Inverness Loch Ness Woodland Walks
Inverness Loch Ness is a great destination for those looking to connect with nature, as we enjoy amazing access to the great outdoors.
As well as our legendary loch and some seriously majestic mountains, the Inverness Loch Ness area is also blessed with a selection of fantastic forests – perfect for those enjoying walking holidays near Loch Ness, people interested in mountain biking in the Highlands or history buffs looking to discover a piece of our hidden past...
Situated 10 miles outside of Inverness near the enchanting Victorian spa town of Strathpeffer is Blackmuir Wood – a forest area with something for everyone! Check out the ancient rock maze on arrival, walk to the Iron Age for at Knock Farril or simply enjoy a stroll on well maintained paths. The area is surrounded by mountain scenery and photographers will enjoy the opportunity to snap some superb sunsets here in the summer months.
This impressive Iron Age hill fort within a forest is only a short hop from Inverness city centre and was once the stronghold of the Pictish King Brude. Dating from around 300BC, the site is now a great place for a walk near Inverness http://www.visitinvernesslochness.com/blog/craig-phadrig-walk.aspxand offers amazing view across Inverness and the Beauly Firth.
Situated just outside the city of Inverness Culloden woods offer an interesting day out for all the family. Streatching across a corner of the infamous battlefield, the woods are home to the prisoners stone, which marks the spot where 17 were shot following the bloody battle. Visitors can also enjoy St Mary’s well where the ancient tradition of taking the water, making a wish and leaving a token tied in the trees endures – creating a haunting backdrop to your woodland wanderings. If all of that is a bit too serious, children will enjoy the dedicated Gruffalo Walk in these woods.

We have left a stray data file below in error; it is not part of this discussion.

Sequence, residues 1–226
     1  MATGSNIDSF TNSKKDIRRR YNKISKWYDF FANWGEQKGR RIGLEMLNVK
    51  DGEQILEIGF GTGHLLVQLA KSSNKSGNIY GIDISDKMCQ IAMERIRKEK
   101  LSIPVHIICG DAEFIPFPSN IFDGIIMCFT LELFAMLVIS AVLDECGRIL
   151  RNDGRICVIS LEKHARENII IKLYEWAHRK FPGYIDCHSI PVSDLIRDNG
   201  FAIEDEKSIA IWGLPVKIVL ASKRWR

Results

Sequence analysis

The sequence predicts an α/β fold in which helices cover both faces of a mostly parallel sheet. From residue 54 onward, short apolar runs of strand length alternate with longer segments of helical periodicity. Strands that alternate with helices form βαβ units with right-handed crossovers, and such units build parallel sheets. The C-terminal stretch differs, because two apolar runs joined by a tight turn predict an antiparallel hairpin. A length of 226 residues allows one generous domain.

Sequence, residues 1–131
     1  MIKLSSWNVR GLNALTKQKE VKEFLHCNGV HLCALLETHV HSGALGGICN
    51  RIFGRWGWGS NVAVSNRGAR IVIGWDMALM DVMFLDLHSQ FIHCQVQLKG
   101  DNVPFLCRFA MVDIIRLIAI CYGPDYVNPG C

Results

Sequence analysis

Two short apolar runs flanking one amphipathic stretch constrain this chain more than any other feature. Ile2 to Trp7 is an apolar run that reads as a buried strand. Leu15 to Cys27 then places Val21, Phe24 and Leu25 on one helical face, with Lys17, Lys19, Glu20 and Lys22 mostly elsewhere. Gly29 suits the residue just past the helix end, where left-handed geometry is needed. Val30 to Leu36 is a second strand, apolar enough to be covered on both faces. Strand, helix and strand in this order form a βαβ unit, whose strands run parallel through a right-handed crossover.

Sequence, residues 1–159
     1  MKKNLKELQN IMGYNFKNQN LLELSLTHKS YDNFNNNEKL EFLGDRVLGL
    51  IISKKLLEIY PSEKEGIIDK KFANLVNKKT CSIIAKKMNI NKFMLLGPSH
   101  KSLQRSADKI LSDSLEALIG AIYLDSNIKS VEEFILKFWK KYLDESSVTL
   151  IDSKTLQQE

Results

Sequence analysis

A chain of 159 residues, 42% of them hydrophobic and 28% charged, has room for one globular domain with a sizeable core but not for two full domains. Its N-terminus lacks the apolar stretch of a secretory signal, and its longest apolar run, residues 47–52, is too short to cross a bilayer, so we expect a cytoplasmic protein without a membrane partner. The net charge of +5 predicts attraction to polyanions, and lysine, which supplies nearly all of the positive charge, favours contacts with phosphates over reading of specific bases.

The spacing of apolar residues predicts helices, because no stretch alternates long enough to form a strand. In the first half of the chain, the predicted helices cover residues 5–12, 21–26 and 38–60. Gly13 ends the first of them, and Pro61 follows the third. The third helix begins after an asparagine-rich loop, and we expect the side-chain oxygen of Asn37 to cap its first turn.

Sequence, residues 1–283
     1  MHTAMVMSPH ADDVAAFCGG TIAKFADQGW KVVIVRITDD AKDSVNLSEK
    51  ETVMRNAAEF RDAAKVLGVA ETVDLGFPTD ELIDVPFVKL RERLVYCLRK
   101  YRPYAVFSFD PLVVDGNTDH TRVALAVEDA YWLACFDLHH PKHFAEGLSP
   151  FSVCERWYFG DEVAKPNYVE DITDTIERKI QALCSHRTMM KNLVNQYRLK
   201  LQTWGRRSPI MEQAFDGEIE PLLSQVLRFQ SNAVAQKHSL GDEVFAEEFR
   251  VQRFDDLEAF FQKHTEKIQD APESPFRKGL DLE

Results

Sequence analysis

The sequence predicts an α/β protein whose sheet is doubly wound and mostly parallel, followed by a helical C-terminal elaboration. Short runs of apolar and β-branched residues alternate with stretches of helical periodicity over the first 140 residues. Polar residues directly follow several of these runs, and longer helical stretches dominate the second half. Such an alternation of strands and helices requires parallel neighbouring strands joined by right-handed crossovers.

A pine and larch forest that is home to owls and deer, easily accessible from the A9 south of Inverness. Paths are wide and narrow so a good spot for family cycling or those with mobility aids. Waymarkers along the trails help you work out just how far you’ve walked!
Now a wonderful woodland to walk in, Littlemill Forest has grown onto an landscape carved by the glacial movements of the Ice Age, making it a landscape all of it’s own – which is even more astounding when viewed in spring with the wildflowers in bloom. South of Loch Ness and accessed from the B851, the woods provide a habitat for roe deer, so keep your eyes open!
This rare bog woodland between Inverness and Dingwall is well worth an explore – but be sure to bring your wellies! The 100+ hectare site is made up of pine and birch – keep an eye out for tiny trees - they are actually ancient examples whose growth has been inhibited by the soggy environment!
Another mystical spot for woodland walkers to explore is this “Clootie Well” on the Black Isle outside Inverness. Believed to be a place of spiritual significance, the well, or spring, has long attracted supplicants who touch the water and make a wish, tying a token of their visit in the surrounding trees as a talisman for the object of their wish and thank you to the powers at work here in the woods.
Billed as “The best viewpoint in Inverness” and just a couple of miles out of the city Ord Hill is a mixed forest full of trails to allow visitors to explore. The area is also the home of an ancient hill fort the ruins of which can still be discovered by intrepid explorers
Home to “Big Douglas” the one-time holder of the title of Britain’s Tallest Tree, Reelig Glen is an awe inspiring spot for woodland walkers. Set within a steep-sided gorge, cut by the waters of the Moniack, the woodland offers a 1 mile circular route from the car park – perfect for an afternoon's outdoor entertainment.
- These are just of few of the great forests and woodlands near Loch Ness and Inverness – check out our places of interest page for more info and inspiration to explore the great outdoors!